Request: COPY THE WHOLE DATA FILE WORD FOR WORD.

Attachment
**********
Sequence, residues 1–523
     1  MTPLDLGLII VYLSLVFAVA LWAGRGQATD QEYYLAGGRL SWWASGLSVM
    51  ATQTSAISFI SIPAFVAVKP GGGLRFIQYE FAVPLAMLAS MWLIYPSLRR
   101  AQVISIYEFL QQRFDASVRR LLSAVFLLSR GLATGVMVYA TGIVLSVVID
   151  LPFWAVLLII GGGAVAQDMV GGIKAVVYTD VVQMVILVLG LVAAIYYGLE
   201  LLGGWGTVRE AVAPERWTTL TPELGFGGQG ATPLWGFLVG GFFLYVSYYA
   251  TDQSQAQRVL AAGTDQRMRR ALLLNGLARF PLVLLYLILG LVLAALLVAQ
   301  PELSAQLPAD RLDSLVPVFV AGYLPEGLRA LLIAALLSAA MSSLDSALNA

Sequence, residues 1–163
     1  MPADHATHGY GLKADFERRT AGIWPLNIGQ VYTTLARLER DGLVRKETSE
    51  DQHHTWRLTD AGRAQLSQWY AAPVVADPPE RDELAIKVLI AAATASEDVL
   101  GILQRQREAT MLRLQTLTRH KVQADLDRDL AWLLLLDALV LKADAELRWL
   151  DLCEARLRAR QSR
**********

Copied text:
Sequence, residues 1–523
     1  MTPLDLGLII VYLSLVFAVA LWAGRGQATD QEYYLAGGRL SWWASGLSVM
    51  ATQTSAISFI SIPAFVAVKP GGGLRFIQYE FAVPLAMLAS MWLIYPSLRR
   101  AQVISIYEFL QQRFDASVRR LLSAVFLLSR GLATGVMVYA TGIVLSVVID
   151  LPFWAVLLII GGGAVAQDMV GGIKAVVYTD VVQMVILVLG LVAAIYYGLE
   201  LLGGWGTVRE AVAPERWTTL TPELGFGGQG ATPLWGFLVG GFFLYVSYYA
   251  TDQSQAQRVL AAGTDQRMRR ALLLNGLARF PLVLLYLILG LVLAALLVAQ
   301  PELSAQLPAD RLDSLVPVFV AGYLPEGLRA LLIAALLSAA MSSLDSALNA

Sequence, residues 1–163
     1  MPADHATHGY GLKADFERRT AGIWPLNIGQ VYTTLARLER DGLVRKETSE
    51  DQHHTWRLTD AGRAQLSQWY AAPVVADPPE RDELAIKVLI AAATASEDVL
   101  GILQRQREAT MLRLQTLTRH KVQADLDRDL AWLLLLDALV LKADAELRWL
   151  DLCEARLRAR QSR